What is The Personal Injury Journal and Who is it for? An Introductory Message to Plaintiffs’ Lawyers
My name is Jamie Davis Whitmer, and I created the Personal Injury Journal out of necessity to help the personal injury law firms and their clients that I work with in connection with my role as a personal injury litigation paralegal. The Personal Injury Journal is a tool to help present each client’s unique damages in a personal way. This is a tool that I believe works best for personal injury clients who fit the treatment pattern of injury; ER treatment; chiropractic treatment; orthopedic treatment; and then possibly a surgery with recovery time.
Over the years, I have drafted thousands of demand letters and responses to discovery requests, which translates to thousands of conversations with injured plaintiffs. Besides all being injured, do you know what the clients I have helped serve all have in common?
The vast majority of them cannot explain to me in a specific way how their lives have been negatively affected by their injuries. Most of them won’t be able to confirm a list of their treating facilities either. I hear a lot of comments along the lines of: “this has been going on two years, it’s very hard for me to remember everything.” Why not give your clients a Personal Injury Journal to use as a tool upon signing as part of your welcome packet that will help them, and help your paralegal work their case? The Personal Injury Journal is also available in a digital download via stealthjournals.com for those of you who wish to print on demand and assemble your own spiral-bound notebooks that can be customized with your specific firm logo and easily scanned later.
Besides the pain and suffering aspect, another way I see value in the personal injury journals is that you are giving the client a tool to keep track of all their doctors and note when they finish treatment. You may not realize it as a lawyer, but for the paralegal, sometimes it can be very challenging to get the client to tell you exactly where they treated, and/or when they finished treatment! I really could not tell you how many times I have had a client tell me: “I just had an MRI.” Me: “Okay, what facility did you visit? We need to make sure we order the bills and records.” Client: “I’m not sure. It was in Atlanta.” Great. Go ask your paralegal how effective this is when you’re trying to efficiently help people. It doesn’t have to be this hard.
It is inevitable. In writing a demand, or in answering discovery, when I ask a client: “How have your daily activities suffered or changed because of this accident? Is there anything that you can’t do at all now that you were able to do prior to this accident?” Crickets chirp in the background, while I wait for them to fill the uncomfortable silence.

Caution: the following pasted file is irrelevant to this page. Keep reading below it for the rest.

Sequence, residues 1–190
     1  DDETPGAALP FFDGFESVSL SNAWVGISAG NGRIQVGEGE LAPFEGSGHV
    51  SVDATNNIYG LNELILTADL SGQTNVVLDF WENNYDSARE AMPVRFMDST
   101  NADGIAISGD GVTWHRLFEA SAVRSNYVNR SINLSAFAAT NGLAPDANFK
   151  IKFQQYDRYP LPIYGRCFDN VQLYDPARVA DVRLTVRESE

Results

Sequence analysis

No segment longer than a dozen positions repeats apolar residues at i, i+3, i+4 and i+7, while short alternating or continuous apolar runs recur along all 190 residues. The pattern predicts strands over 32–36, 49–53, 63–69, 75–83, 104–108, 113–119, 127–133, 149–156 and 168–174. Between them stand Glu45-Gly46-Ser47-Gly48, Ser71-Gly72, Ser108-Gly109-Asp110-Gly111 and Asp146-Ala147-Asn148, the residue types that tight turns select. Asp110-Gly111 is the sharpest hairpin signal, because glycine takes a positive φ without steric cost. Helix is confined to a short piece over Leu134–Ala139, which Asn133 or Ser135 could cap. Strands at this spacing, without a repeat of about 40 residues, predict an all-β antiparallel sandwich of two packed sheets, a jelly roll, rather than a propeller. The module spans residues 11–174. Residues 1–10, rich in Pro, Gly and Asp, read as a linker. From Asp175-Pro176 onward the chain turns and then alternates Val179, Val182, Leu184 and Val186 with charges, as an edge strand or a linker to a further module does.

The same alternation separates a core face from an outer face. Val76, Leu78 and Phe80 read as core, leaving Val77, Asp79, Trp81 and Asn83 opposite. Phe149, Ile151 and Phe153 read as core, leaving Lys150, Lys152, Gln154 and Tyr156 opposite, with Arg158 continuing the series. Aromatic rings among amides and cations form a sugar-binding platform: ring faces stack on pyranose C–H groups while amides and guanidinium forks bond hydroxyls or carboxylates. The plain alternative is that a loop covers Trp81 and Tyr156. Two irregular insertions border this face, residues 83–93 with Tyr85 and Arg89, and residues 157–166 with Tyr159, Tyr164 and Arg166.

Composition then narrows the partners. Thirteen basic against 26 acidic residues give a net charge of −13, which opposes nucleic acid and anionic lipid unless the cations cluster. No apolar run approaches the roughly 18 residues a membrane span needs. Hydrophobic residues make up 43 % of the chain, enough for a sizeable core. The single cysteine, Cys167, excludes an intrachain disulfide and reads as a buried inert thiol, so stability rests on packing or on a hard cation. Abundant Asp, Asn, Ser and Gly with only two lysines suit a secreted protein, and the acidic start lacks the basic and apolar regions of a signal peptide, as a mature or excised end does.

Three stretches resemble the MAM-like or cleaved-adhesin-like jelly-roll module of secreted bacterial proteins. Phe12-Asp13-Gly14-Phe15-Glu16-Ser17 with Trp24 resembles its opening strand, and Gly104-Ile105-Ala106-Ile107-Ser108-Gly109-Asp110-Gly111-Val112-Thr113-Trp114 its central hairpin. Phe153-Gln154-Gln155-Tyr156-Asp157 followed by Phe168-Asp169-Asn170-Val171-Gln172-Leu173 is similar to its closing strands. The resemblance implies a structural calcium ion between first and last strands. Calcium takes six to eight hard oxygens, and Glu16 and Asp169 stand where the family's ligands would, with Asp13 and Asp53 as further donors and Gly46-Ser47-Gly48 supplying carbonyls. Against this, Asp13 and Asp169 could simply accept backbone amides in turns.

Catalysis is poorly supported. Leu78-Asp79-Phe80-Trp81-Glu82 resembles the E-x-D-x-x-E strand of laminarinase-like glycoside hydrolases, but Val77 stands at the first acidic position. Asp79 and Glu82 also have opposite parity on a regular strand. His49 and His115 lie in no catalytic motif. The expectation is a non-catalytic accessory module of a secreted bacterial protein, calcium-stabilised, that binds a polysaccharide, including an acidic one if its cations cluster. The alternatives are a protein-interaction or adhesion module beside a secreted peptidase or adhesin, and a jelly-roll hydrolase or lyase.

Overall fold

Finally, the injured client will say something along the lines of: “What do you mean? I was hurt. Everything changed. I didn’t know I was going to have to answer this! Let me get back to you.” Few can tell me anything more than a blanket statement that feels impersonal, or even worse, disingenuous because of the lack of specific details. If that is my impression, what must the insurance adjusters be thinking? It seems to me that one of the biggest obstacles in negotiating a higher settlement is making the other party see your client as more than just a set of medical records that they mechanically feed into Colossus for review with some arbitrary number that their system spits out and tells them to offer!
At the time I was inspired to create the Personal Injury Journal, I was reading Daniel Pink’s “To Sell is Human.” Chapter 9 is entitled “Serve,” and discusses the importance of making work personal and purposeful. A study was quoted about how radiologists began reviewing CT scans more meticulously after the patient’s photo was included. The doctors began seeing the patients as human beings, and became less mechanical and detached, and even had a much higher rate of reporting more incidental findings! If this happened with doctors, surely the same might happen with insurance adjusters. Besides concluding that you should send in a photo of your client with their demand letter, what else might you take from this study? Should you be telling the client’s story in a more personal way from the very beginning so that the opposing side is forced to see injured plaintiffs as human beings instead of just another set of medical records?
Enter the Personal Injury Journal. Consider it as an analog version of a “Day in the Life” video.
Every client has a unique story to tell. Whether it is a college student missing exams and a part-time job; or a mother missing out on caring for her child, everyone’s loss is different. Why not give your clients a personal injury journal upon signing that will help them present their unique circumstances more clearly? Might the adjusters, opposing counsel, or jurors see them more personally and offer higher settlements prior to trial if you are able to cite specific details of their loss? Do specifics convey a more believable and sympathetic client? It would seem that employing specifics would potentially increase the value of Plaintiffs’ pain and suffering damages in their injury cases.
Who wants to go to trial against a person who has an entire book (or multiple books) of specific instances of how the Defendant has negatively affected their life? No way! Policy limits case! Get them out of here, get this settled.